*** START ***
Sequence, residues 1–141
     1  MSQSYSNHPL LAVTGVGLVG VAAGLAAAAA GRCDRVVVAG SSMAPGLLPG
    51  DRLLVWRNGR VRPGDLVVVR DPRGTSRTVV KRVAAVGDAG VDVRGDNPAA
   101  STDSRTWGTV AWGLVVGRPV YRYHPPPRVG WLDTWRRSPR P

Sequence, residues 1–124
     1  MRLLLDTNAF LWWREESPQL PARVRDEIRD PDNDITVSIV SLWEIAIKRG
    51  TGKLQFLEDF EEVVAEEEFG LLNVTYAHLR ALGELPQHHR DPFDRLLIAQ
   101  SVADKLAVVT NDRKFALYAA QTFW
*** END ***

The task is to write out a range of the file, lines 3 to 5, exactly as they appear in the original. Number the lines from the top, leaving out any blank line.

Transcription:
    51  DRLLVWRNGR VRPGDLVVVR DPRGTSRTVV KRVAAVGDAG VDVRGDNPAA
   101  STDSRTWGTV AWGLVVGRPV YRYHPPPRVG WLDTWRRSPR P

Sequence, residues 1–124